by Eka Kurniawan
This wonderful novel by contemporary Indonesian author, Eka Kerniawan, is a breath of fresh air. Part family epic, part magical realism, part political commentary, this book cannot be easily pigeonholed. It is difficult to compare it to other books, but perhaps that is because it is the first Indonesian novel I have read. Despite being half-Indonesian, I cannot understand Bahasa Indonesian and let’s just say there are not many Indonesian authors being translated to English then appearing on a prominent shelf in my local book store.
I’m not exactly sure what I was expecting, but I’m pleased to say it was well worth it. The tale is intriguing from the outset when the protagonist, a former prostitute named Dewi Ayu, rises from her grave and walks home from the cemetery in her burial shroud.
Kurniawan weaves fantastical scenarios in a riveting fable-like narrative. The stories revolve around the lives of Dewi Ayu, her three exceedingly beautiful daughters and later, her last daughter, Beauty, a child more ugly than sin and the cause of Dewi Ayu’s death.
The concept of female beauty conquering the most powerful of men is subversive in itself in the religious environment of modern Indonesia. The three main male characters are deeply flawed political figures, all of whom are pitiful sexual deviants. On the other hand, the three generations of women hold power in their beauty and sexuality, but can be construed as ambiguous in their acceptance of arranged marriages to older men they don’t love.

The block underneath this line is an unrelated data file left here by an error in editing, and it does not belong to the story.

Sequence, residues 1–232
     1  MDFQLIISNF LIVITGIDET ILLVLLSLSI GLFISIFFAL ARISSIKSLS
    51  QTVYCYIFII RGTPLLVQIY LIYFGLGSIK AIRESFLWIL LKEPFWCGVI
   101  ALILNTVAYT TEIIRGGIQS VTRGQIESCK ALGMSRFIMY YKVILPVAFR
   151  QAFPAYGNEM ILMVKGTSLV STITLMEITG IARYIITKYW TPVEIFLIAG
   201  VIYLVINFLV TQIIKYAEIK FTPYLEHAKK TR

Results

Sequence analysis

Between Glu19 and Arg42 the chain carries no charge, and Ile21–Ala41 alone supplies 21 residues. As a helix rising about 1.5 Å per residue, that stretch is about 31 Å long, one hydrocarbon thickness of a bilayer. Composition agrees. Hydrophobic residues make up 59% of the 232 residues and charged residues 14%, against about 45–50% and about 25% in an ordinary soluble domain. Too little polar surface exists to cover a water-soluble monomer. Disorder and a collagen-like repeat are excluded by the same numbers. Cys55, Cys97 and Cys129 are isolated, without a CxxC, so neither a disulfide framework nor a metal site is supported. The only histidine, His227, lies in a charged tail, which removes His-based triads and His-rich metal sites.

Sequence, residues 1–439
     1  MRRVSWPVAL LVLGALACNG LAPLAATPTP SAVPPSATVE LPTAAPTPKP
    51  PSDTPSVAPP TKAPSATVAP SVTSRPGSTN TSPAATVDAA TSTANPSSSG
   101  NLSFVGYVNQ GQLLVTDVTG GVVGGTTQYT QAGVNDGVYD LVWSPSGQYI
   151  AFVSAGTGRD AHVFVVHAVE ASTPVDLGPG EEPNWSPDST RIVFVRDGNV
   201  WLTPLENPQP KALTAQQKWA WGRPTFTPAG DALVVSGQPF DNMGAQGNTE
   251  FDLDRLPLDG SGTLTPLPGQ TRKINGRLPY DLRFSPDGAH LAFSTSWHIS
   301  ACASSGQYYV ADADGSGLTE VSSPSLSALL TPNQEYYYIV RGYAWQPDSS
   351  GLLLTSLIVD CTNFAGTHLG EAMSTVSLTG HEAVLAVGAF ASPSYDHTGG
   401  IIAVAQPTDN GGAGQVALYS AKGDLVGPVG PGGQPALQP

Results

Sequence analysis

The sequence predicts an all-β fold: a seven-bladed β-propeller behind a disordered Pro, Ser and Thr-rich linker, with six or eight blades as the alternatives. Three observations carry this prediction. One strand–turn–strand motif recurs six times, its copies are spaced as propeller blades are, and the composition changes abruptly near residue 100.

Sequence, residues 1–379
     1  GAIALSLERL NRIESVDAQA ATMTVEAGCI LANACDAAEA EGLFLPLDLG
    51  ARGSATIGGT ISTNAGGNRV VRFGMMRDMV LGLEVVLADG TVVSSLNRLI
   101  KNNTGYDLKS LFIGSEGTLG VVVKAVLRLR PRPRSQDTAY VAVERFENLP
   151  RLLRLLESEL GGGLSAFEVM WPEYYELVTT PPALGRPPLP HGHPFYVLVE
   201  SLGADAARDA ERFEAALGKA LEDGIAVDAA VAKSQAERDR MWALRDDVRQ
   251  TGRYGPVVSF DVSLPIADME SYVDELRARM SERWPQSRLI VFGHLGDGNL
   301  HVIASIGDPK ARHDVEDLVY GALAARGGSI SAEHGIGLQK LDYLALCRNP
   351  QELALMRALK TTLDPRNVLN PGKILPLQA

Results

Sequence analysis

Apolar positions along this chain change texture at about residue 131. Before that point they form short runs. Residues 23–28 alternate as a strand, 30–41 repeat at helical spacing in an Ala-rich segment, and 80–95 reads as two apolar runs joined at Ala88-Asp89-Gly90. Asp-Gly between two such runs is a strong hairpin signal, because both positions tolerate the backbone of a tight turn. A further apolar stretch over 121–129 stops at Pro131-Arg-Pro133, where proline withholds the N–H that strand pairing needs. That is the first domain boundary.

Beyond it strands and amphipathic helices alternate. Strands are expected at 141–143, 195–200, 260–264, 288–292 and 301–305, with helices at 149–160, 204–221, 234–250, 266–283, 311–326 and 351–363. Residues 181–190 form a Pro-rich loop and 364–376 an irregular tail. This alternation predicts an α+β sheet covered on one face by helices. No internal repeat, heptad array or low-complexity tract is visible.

There is much more to it than that and the book educates us in Indonesian historical events leading up to its independence in 1945. We are taken through Dutch colonial rule, the Second World War, Japanese occupation and communist uprising in Indonesia.
There are many weird occurrences in this book: women flying away, dogs turning into humans and vice versa, a woman wearing a chastity garment locked by black magic. In this there can be some comparison to Murakami’s novels, where magical events happen in the ordinary comings and goings of the cast.
It all makes for a very entertaining read. Something very different and spellbinding in Kurniawan’s narrative and his humorous prose keeps you hooked until the end.